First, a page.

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Gallery Exhibitions

Museum Exhibitions & Projects


Aishti Magazine

December 2013

Skin to Skin
By: Grace Banks

Breath has heritage for Shirazeh Houshiary.  Through diverse mediums - a church window in London's St. Martin in the Fields, a nine-minute film at the 2013 Venice Biennial - the abilities and limits of humanity expressed through how we breathe is one of the key ideas the artist pursues. In Shirazeh's new show, "The Eye Fell in Love with the Ear" at New York's Lehmann Maupin Gallery, a study of this theme is offered through large canvasses, sculpture and installation video.  "As people we are constantly trying to define ourselves, but breath is a clear signifier of how we really feel," the artist says.


Shirazeh's new work is intentionally deceptive.  The canvas "Dark Senses" initially appears as inviting could-like puffs of air, but upon closer inspection these clouds are the phrases "I am" and "I am not" in Arabic.  "The words are crushing up on each other, like a vibration.  I want it to feel as though a friend is standing behind you and breathing on your neck."

The artist spends no less than four months on each canvas, painting them upright then laying them flat on the floor and adding what she refers to as the skin of the piece.  "through skins I create a feeling of human touch.  From afar the painting looks light, but when you get close it's very different.  The viewer has to encounter this kind of relationship in the world we live in - it's our dark senses, the ones that don't rely on the eyes."

In the artist's first ever diptych, "Echo," this idea is explored to a greater extent.  What looks like a landscape with clear boundaries is actually a series of fine lines rendered with military precision.  Was this intentional?  Absolutely.  "I want people to think the line in 'Echo' is a boundary, but it isn't.  It's just a zone of darkness that connects the two colors."  On top of these paintings, there's a dusting of the artist's own fingerprints in white.  The effect is unnerving and changes the narrative of the work completely, transforming the viewer into a key part of the piece.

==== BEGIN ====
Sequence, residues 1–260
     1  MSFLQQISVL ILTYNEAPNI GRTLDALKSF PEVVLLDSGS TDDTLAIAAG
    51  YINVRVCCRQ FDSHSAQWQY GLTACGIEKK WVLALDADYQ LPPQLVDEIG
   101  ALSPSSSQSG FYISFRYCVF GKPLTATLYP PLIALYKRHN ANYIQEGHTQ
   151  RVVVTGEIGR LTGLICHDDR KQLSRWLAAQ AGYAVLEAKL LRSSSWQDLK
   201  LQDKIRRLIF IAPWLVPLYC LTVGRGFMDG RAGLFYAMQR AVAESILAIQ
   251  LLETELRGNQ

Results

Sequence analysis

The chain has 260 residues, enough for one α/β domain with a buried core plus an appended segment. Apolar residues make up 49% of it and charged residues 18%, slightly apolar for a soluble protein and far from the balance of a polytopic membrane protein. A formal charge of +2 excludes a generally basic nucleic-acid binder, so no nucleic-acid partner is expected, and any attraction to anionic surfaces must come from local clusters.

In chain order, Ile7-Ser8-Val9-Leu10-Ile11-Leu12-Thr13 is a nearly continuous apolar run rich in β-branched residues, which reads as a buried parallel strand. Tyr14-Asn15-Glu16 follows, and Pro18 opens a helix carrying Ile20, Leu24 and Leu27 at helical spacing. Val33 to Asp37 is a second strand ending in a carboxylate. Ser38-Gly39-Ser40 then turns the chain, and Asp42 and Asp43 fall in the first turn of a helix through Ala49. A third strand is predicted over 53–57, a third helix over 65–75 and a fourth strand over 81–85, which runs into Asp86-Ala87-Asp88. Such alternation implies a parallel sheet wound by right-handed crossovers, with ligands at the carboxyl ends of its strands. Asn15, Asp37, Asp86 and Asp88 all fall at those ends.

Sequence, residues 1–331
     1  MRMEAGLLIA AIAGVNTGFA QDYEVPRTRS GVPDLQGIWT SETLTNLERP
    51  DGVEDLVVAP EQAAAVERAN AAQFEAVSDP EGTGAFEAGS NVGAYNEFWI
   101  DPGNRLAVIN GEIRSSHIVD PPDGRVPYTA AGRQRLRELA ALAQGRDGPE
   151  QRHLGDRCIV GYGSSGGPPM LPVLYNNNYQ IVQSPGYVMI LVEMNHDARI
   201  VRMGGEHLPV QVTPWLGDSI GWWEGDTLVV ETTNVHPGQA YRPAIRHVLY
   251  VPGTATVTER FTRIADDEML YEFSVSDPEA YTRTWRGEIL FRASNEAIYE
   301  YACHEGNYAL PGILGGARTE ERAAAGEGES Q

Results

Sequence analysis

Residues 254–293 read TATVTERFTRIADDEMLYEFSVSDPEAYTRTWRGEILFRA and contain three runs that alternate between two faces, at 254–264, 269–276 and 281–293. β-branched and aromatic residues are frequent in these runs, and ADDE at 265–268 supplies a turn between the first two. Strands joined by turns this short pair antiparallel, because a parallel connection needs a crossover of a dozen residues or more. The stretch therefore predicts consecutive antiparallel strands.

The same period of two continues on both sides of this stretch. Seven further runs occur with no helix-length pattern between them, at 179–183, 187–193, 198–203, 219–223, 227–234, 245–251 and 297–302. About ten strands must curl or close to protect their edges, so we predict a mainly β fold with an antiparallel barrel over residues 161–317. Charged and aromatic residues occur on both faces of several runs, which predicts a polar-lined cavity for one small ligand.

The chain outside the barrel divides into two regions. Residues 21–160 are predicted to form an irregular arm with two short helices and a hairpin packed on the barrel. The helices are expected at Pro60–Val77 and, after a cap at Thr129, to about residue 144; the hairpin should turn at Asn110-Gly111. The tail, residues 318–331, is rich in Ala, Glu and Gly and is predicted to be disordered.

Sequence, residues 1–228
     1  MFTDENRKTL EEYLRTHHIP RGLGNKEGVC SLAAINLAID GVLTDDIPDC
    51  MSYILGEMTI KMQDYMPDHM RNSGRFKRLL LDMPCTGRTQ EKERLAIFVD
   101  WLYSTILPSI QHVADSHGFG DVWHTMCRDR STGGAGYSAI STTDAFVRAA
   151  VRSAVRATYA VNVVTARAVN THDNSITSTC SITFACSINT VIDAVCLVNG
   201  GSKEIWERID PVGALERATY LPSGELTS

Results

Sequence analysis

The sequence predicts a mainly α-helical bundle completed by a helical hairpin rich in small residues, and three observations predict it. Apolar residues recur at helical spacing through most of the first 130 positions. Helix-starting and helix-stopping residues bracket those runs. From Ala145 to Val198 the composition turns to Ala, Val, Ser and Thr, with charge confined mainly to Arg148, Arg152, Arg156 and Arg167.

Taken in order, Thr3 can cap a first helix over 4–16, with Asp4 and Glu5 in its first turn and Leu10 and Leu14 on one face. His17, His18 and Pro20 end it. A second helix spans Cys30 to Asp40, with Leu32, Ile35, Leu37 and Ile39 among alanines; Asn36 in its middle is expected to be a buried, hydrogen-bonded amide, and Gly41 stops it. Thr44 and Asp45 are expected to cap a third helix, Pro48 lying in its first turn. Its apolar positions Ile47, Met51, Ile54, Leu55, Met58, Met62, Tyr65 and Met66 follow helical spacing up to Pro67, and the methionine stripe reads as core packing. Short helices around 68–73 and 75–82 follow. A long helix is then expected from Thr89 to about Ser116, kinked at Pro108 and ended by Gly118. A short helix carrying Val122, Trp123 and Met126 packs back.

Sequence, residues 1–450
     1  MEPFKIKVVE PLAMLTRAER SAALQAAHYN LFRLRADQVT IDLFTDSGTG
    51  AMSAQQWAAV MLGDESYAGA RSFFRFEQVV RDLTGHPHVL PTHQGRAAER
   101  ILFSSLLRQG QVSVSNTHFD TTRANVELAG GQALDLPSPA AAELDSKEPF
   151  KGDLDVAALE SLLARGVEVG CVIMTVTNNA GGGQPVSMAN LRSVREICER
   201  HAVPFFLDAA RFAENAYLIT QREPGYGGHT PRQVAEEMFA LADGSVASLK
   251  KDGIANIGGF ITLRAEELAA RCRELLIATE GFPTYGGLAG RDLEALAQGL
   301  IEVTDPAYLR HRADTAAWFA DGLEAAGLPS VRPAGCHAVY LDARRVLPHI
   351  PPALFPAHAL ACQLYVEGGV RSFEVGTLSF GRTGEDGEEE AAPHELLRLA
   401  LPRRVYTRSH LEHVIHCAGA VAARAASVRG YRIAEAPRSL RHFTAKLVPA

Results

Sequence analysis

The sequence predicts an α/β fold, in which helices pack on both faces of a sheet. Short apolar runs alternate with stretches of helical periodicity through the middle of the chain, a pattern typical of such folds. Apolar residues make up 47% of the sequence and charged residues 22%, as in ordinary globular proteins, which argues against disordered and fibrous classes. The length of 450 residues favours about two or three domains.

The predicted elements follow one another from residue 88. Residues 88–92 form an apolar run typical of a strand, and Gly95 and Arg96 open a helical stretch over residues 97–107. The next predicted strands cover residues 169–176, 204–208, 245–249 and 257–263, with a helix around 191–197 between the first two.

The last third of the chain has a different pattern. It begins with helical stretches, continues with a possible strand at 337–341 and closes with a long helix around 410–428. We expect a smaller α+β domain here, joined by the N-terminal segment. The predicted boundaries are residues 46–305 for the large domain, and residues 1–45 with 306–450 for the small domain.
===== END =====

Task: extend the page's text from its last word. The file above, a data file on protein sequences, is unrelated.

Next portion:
"Dust," a seven-minute video installation, invites the viewer into a soprano chant reminiscent of a sermon.  again the concept of tempo is strong.  "The vibration of speech changes as we talk, as we sing and move."  In the same way that the artist's 2013 Venice Biennial film Breathe was a testament to the metaphysical properties of speech, "Dust' explores the human condition through words.

In contrast to the openness of Shirazeh's paintings, three sculptures testify to her interest in the austere abilities of digital art.  "Eddy" is a real-life incarnation of a digital double helix graphic pushed to its utmost form in anodized aluminum.  Part of a series, these pieces stand out with their simplicity.  Through them Shirazeh explores the body as the locus of our experience, and how we use it to connect with the vast world we live in.